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Categorical and gradient homophony avoidance: Evidence from Japanese

Categorical and gradient homophony avoidance: Evidence from Japanese Abstract Many languages have been claimed to have phonological patterns that are sensitive to the need to avoid homophony – for example, a rule that is blocked if it would create a surface form that is identical to another word in the language. Such patterns always involve comparisons between words in the same morphological paradigm (e.g., singular and plural forms with the same stem). The lone exception to this generalization is Ichimura (2006) , who argues that a nasal contraction pattern in Japanese is blocked by potential homophony between verbs with different stems. We present experimental evidence that homophony avoidance is not part of the correct synchronic description of the environment in which this pattern applies; rather, nasal contraction does not productively delete stem-final vowels. However, homophony avoidance does appear to affect the probability with which contraction applies. We conclude that homophony avoidance affects phonological behavior, but that absolute homophony-related blocking is restricted to morphological paradigms. http://www.deepdyve.com/assets/images/DeepDyve-Logo-lg.png Laboratory Phonology de Gruyter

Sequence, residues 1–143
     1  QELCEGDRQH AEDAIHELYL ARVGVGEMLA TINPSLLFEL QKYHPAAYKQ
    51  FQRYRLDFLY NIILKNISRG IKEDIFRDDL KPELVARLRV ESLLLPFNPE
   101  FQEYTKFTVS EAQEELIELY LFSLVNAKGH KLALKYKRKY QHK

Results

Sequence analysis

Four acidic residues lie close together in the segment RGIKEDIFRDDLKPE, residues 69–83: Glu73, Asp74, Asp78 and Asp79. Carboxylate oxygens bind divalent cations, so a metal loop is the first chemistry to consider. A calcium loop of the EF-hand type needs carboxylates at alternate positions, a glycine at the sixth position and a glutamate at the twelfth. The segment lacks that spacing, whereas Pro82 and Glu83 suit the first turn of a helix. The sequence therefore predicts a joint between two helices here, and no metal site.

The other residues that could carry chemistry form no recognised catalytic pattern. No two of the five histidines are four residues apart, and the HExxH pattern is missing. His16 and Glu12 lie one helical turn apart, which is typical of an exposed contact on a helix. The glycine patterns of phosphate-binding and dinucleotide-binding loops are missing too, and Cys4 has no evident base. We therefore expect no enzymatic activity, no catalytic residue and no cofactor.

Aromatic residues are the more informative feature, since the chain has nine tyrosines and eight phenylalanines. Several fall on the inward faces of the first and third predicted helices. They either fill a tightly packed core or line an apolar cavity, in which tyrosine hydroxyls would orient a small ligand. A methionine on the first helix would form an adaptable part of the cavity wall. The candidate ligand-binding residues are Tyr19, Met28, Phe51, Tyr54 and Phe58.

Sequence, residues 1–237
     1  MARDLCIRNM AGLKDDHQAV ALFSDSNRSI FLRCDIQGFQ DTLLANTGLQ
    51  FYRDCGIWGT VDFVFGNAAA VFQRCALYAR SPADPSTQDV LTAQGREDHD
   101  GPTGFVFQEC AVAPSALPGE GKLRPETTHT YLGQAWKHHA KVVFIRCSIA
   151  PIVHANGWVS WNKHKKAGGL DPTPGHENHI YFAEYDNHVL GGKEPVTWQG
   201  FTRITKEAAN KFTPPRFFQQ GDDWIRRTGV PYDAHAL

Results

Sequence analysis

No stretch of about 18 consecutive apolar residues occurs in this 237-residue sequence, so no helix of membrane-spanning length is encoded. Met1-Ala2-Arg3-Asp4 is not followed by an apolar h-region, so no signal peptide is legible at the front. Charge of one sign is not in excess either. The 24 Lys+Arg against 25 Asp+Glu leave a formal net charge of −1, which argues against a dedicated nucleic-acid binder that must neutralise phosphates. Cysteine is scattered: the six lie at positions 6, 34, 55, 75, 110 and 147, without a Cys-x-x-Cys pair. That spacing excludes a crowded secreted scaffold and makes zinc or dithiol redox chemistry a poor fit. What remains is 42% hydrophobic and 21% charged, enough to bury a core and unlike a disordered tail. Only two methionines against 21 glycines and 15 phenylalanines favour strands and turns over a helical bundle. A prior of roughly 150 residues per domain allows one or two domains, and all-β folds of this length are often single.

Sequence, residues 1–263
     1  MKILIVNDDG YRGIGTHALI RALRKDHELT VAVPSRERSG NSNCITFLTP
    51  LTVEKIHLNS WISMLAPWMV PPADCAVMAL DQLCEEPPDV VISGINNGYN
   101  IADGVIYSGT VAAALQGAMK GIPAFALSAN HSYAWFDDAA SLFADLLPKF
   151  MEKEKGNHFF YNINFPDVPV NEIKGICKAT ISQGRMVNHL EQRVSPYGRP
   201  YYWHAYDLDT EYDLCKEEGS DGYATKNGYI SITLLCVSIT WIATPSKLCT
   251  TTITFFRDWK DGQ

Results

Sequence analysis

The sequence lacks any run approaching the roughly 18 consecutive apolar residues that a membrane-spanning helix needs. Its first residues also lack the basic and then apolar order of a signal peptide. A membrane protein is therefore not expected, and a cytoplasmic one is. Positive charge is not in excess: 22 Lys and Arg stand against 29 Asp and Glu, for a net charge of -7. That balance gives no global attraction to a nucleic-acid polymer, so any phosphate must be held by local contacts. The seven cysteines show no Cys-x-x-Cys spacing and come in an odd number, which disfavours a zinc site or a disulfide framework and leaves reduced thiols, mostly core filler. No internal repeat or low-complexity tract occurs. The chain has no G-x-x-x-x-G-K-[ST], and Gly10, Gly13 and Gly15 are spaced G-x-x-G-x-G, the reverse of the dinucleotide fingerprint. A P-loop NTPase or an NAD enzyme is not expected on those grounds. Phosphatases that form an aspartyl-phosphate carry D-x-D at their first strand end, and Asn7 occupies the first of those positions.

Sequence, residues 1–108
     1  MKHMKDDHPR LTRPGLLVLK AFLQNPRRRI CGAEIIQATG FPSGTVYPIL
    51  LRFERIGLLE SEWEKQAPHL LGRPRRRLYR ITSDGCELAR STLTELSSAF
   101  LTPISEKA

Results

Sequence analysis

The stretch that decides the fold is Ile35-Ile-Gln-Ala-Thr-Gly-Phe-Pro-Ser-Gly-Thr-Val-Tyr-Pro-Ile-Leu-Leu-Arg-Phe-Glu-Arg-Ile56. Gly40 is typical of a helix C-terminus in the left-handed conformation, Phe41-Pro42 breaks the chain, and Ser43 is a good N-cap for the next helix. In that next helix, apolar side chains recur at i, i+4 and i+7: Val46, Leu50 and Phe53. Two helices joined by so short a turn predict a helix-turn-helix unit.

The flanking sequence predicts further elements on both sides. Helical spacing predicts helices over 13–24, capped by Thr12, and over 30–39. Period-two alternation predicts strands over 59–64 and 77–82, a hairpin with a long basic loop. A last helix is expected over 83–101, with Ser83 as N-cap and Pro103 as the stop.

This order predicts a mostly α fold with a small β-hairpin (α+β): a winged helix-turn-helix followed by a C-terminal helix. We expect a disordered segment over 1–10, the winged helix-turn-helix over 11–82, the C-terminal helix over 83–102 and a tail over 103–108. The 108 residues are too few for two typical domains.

Categorical and gradient homophony avoidance: Evidence from Japanese

Laboratory Phonology , Volume 6 (2) – May 1, 2015

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Publisher
de Gruyter
Copyright
Copyright © 2015 by the
ISSN
1868-6346
eISSN
1868-6354
DOI
10.1515/lp-2015-0006
Publisher site
See Article on Publisher Site

Abstract

Abstract Many languages have been claimed to have phonological patterns that are sensitive to the need to avoid homophony – for example, a rule that is blocked if it would create a surface form that is identical to another word in the language. Such patterns always involve comparisons between words in the same morphological paradigm (e.g., singular and plural forms with the same stem). The lone exception to this generalization is Ichimura (2006) , who argues that a nasal contraction pattern in Japanese is blocked by potential homophony between verbs with different stems. We present experimental evidence that homophony avoidance is not part of the correct synchronic description of the environment in which this pattern applies; rather, nasal contraction does not productively delete stem-final vowels. However, homophony avoidance does appear to affect the probability with which contraction applies. We conclude that homophony avoidance affects phonological behavior, but that absolute homophony-related blocking is restricted to morphological paradigms.

Journal

Laboratory Phonologyde Gruyter

Published: May 1, 2015

References